UMs Participate in Global Event on Migration, Development, and Human Rights

December 01, 2011

NEW YORK, NY—A delegation of 18 Methodists, hosted by the United Methodist General Board of Global Ministries (GBGM), is attending the People's Global Action on Migration, Development, and Human Rights (PGA) in Geneva, Switzerland, as part of the mission agency's focus on global migration and poverty. The global event began Nov. 28 and ends Dec. 2, 2011.

The PGA is a grassroots event organized by Migrant Rights International that brings together migrant organizations from around the world. It is held in tandem with the inter-governmental Global Forum on Migration and Development (GFMD) – the only private, inter-governmental forum on migration – and an event called Civil Society Days, which is an invitation-only event involving faith, labor, development, and migrant organizations.
 
The General Board of Global Ministries, including United Methodist Women, has organized a delegation to PGA that is highly representative of areas in which The United Methodist Church and its mission partners are challenged by migration issues. It includes persons from the church's conferences in Africa, Europe, and the Philippines, as well as the United States. The delegation illustrates an ongoing commitment to the linked issues of global migration and poverty.
 
Ministry with the Poor is one of four current Focus Areas of the denomination, and a model project on Global Migration is part of that emphasis at Global Ministries. Global migration also is an increasing concern of the United Methodist Task Force on Immigration, an official inter-agency entity.
 
The backdrop for participation in the meetings in Geneva includes a 2008 resolution of the United Methodist General Conference, the church's legislature, on "Global Migration and the Quest for Justice," (#6028, Book of Resolutions 2008). This document understands the recent upsurge in migration around the world as resulting largely from the unequal distribution of resources and opportunities, with people pushed to relocate by poverty, underdevelopment, climate change, and war. At the same time, wealthy nations eagerly recruit migrant workers to fill gaps in their employment needs and to lower costs, although the rights of the new workers are severely limited. Migrants encounter the barriers of racism, harsh enforcement policies, and criminalization of their very presence.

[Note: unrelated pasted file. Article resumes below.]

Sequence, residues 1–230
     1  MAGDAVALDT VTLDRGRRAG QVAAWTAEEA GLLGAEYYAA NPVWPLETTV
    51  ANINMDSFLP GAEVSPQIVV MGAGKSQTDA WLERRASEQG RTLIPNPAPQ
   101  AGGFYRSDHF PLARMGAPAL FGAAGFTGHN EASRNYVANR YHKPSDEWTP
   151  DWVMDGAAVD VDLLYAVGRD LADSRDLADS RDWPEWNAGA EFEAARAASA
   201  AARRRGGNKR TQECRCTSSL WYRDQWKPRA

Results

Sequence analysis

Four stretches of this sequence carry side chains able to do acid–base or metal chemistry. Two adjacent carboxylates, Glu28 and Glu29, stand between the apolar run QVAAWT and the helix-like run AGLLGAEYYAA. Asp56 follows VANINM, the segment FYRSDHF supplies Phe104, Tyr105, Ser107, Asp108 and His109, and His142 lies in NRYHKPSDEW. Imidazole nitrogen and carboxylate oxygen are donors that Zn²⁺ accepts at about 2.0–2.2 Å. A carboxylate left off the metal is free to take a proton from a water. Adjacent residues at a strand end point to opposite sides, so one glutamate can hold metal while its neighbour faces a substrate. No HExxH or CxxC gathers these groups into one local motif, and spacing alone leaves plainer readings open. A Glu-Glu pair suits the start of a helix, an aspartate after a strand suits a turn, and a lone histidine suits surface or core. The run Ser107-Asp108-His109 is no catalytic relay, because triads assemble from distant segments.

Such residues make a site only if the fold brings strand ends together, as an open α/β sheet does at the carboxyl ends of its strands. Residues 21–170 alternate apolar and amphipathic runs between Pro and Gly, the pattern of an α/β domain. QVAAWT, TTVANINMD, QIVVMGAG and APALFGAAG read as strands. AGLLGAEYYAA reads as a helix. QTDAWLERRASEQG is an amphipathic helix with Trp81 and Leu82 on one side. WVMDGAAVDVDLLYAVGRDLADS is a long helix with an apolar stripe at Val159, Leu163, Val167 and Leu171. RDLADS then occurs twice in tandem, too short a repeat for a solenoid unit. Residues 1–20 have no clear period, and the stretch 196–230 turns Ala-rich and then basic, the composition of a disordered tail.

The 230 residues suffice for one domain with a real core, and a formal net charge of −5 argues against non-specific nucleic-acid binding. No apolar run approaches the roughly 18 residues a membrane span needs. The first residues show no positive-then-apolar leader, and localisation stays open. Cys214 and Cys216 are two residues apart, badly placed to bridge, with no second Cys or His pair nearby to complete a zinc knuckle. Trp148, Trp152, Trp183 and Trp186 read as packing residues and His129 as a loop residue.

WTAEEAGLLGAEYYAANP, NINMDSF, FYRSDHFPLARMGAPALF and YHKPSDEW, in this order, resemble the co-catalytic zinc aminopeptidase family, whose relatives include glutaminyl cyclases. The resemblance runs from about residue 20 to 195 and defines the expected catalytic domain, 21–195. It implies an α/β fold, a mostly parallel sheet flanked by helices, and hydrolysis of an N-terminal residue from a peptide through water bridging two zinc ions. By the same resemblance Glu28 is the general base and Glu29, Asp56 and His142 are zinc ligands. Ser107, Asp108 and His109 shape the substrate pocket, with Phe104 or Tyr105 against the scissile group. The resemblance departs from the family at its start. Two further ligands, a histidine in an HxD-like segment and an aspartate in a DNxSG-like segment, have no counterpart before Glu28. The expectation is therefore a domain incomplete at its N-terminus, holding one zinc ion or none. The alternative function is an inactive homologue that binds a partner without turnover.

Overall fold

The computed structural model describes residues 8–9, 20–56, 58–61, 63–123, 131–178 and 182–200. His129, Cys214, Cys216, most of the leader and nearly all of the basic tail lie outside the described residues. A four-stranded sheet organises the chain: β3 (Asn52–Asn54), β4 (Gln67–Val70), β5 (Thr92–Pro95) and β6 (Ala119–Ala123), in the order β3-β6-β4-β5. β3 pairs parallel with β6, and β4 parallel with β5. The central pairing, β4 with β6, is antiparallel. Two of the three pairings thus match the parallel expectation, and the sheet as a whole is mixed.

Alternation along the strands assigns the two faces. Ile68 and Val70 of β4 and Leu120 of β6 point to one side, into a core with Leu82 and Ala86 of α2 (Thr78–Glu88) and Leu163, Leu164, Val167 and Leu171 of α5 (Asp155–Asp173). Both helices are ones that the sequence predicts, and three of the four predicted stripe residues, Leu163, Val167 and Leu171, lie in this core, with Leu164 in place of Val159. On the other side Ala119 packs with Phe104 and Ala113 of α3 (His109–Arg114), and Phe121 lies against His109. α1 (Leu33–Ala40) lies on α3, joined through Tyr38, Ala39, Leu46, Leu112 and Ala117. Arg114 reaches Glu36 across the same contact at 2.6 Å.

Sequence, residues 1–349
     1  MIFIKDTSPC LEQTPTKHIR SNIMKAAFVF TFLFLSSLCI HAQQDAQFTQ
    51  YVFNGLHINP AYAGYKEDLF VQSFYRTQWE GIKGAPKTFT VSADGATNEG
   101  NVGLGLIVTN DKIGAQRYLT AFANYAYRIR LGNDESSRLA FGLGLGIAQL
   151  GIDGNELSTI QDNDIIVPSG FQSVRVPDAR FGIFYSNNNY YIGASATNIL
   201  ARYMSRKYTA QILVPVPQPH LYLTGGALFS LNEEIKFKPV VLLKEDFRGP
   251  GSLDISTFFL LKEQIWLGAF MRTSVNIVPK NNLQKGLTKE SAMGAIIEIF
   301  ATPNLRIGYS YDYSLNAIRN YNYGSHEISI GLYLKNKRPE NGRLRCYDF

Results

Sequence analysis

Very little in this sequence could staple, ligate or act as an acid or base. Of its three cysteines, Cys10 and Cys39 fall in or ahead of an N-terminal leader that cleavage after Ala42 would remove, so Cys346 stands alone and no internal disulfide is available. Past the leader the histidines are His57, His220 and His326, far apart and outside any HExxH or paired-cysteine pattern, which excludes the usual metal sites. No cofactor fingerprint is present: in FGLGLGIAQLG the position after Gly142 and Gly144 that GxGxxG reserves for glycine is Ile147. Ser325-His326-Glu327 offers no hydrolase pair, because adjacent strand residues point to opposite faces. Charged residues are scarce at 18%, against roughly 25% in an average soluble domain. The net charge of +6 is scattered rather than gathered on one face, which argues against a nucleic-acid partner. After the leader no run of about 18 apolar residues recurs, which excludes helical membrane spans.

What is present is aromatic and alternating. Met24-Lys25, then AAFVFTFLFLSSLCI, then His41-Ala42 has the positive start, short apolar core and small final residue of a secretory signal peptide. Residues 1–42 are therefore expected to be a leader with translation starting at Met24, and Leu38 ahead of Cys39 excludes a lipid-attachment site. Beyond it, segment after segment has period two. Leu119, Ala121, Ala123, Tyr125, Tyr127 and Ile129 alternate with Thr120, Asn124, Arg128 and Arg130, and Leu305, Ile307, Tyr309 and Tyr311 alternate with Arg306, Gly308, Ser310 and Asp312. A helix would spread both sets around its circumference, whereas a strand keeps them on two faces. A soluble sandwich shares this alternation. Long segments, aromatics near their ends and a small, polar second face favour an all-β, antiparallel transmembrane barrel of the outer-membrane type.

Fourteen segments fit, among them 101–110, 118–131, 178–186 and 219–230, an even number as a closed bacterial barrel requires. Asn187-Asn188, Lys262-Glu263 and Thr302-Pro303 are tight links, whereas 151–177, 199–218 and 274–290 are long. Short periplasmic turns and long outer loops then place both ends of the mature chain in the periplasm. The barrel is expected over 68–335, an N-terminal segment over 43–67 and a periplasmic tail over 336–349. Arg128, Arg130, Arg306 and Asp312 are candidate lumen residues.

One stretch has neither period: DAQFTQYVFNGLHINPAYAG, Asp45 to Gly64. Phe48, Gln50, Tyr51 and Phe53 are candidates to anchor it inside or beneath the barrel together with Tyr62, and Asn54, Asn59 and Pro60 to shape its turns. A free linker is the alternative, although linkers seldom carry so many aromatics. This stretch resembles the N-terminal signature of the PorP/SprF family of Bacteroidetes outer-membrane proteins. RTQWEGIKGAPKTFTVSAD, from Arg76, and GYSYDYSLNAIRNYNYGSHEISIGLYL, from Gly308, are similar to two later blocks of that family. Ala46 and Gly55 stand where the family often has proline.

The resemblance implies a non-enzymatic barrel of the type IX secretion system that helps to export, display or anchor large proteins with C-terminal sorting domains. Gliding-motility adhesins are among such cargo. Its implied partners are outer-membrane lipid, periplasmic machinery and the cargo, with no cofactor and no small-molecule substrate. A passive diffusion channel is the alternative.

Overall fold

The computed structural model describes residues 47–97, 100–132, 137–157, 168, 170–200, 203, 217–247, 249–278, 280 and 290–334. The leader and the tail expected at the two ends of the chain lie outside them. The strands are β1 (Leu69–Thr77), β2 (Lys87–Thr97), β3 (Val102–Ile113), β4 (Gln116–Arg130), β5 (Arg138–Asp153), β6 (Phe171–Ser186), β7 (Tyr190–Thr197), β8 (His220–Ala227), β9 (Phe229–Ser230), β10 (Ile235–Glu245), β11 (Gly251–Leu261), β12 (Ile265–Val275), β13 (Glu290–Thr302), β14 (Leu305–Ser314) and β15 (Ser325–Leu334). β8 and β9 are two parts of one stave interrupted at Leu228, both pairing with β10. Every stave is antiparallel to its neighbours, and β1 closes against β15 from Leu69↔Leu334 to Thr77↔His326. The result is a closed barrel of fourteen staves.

Global Ministries' delegation to Geneva is seeking to understand the migration realities faced by United Methodists and Methodists in diverse regions of the world. The group has joined with secular organizations from six continents in exploring migrant experiences and migration policy, with the following goals:
  • to strengthen networks to promote global, regional, and national policies that put migrant human rights at the center of concern; and
  • to consider how sustainable development could make it possible for the poor to choose to stay where they are, rather than being forced to migrate in search of livelihoods.
Methodist delegates are considering how this global advocacy experience can strengthen their ministries with 1) migrant-sending congregations, 2) migrant-receiving congregations, and 3) migrant congregations.
 
The delegation organized by Global Ministries includes members of the United Methodist Task Force on Immigration, agency staff, United Methodist missionaries, students, and a director of United Methodist Women.
 
United Methodist Involvement in Migration
 
Migration is a long-standing United Methodist and Global Ministries concern. There were UMW representatives at the 2006 UN High Level Dialogue and, since 2009, at the GFMD and Civil Society Days. Global Ministries organized an international delegation to the People's Global Action in Mexico City in 2010.
 
Global Ministries supports and works closely with immigrants and refugees through churches, ecumenical partners, and community-based organizations in the US and around the world. The United Methodist Committee on Relief (UMCOR) has engaged the United Methodist churches in supporting resettlement of refugees in the US for more than 60 years. In addition, UMCOR's Justice for Our Neighbors (JFON) program partners with local US congregations to provide free immigration legal services, while engaging congregations and community members in advocacy efforts to secure human and civil rights for immigrants. Various church and Global Ministries offices and ethnic ministry plans support, strengthen, and expand local organizations that provide services to migrants. These initiatives also create and nurture international, national, regional, and local partnerships and networks between local congregations and grassroots organizing groups.
 
United Methodist Policy
 
Global Migration is a natural expression of the United Methodist priority on ministry with the poor. The 2008 General Conference resolution, "Global Migration and the Quest for Justice," calls on the church to:
  • Engage in strong, coordinated advocacy on migration issues and on behalf of actions that overcome poverty, war, and other causes leading to the displacement and marginalization of people;
  • Advocate for "just and equitable trade and development policies that support human rights and counteract the root causes of migration such as war and militarization, environment spoilage, and corporate greed";Engage with other Christian and religious organizations in North-South dialogues, study of international economic policies, and joint action; and
  • Educate church members and communities on the causes and realities of migration, including international treaty commitments, the issues of economic and environmental justice, and the obstacles to a just, peaceable world created by anti-immigrant racism and xenophobia.
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